ComEd (Chicago, Illinois) officials today described to the Illinois Commerce Commission the company's restoration efforts after devastating storms ripped through the ComEd service territory Aug. 23. In what company officials called one of its best storm restoration performances ever, the utility re-established service to approximately 634,000 customers within five days, bringing back 75 percent of those affected within one day, and 90 percent within 48 hours.

"This enormous effort was a great demonstration of our commitment to customers," said ComEd President and COO Barry Mitchell. "Thousands of employees from throughout the company were engaged, working 16-hours shifts to restore service. On top of that, we brought in every available resource from as far away as Texas and Pennsylvania. It's a credit to everyone at ComEd that we were able to bring back power to so many so quickly."

North suburban communities were the hardest hit. Flooding, extensive wind and lightning damage to trees and property and flooded streets challenged field crews. The storms, the most severe weather event to strike ComEd since a March 1998 ice storm interrupted service to 865,000 customers, featured:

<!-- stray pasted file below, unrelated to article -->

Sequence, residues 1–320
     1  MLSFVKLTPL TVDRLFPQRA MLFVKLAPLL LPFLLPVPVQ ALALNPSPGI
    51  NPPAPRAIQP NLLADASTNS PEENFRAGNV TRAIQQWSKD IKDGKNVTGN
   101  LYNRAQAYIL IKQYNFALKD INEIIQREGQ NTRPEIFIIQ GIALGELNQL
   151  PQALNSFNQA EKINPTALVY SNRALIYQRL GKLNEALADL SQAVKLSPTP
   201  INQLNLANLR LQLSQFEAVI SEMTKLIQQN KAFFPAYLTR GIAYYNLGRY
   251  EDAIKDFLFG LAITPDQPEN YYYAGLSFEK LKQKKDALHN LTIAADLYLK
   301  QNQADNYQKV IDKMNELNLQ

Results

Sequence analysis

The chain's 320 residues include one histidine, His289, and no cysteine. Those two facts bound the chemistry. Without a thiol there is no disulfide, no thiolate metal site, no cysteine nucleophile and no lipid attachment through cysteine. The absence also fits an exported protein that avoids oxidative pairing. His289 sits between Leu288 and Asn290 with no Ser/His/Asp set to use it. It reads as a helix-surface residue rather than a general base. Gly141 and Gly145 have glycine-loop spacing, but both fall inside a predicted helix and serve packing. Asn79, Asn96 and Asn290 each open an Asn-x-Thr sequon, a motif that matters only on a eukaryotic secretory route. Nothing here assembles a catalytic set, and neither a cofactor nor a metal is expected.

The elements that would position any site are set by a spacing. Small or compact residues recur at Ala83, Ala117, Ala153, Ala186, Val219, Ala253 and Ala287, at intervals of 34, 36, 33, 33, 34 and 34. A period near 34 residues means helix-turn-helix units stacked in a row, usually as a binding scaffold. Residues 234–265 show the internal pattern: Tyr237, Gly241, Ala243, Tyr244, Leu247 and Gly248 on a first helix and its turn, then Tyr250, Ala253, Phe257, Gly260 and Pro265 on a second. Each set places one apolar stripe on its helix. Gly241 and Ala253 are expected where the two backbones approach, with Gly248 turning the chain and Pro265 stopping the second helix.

• More than 80,000 lightning strokes, or six-and-a-half times the number occurring in a typical storm event
  • More than 5,000 downed trees
  • Hurricane-force winds with gusts up to 100 miles per hour

Nearly 1,000 crews supported the storm restoration, representing 4,100 ComEd employees, contractors and outside utility workers. Among the utilities providing assistance were First Energy of Akron, OH, Houston Power and Light, Kansas City Power and Light and PECO Energy of Philadelphia, among other companies. Together, field crews repaired or replaced:

  • 109 miles of wire and cable during the initial restoration: equivalent in length to the approximate distance between Chicago and Milwaukee
  • 416 poles: end to end these poles would extend 2.5 miles, or 24 city blocks
  • 513 transformers

The magnitude of the storm is also illustrated by the 419,000 customer inquiries handled in the ComEd call center during the restoration's five days.

"Our commitment to customers meant our employees were unexpectedly called away from their families for an extended period," Mitchell said. "We recognize the inconvenience outages cause our customers, and we appreciate their patience during this process. We also are thankful for their many kind words of support and thanks."

The company is presently engaged in the in-depth 'lessons learned' process it routinely initiates following storm events to identify opportunities for enhancing storm response procedures. The lessons-learned process examines everything from how fieldwork is conducted, to administrative practices and improving coordination with units of government and other third parties.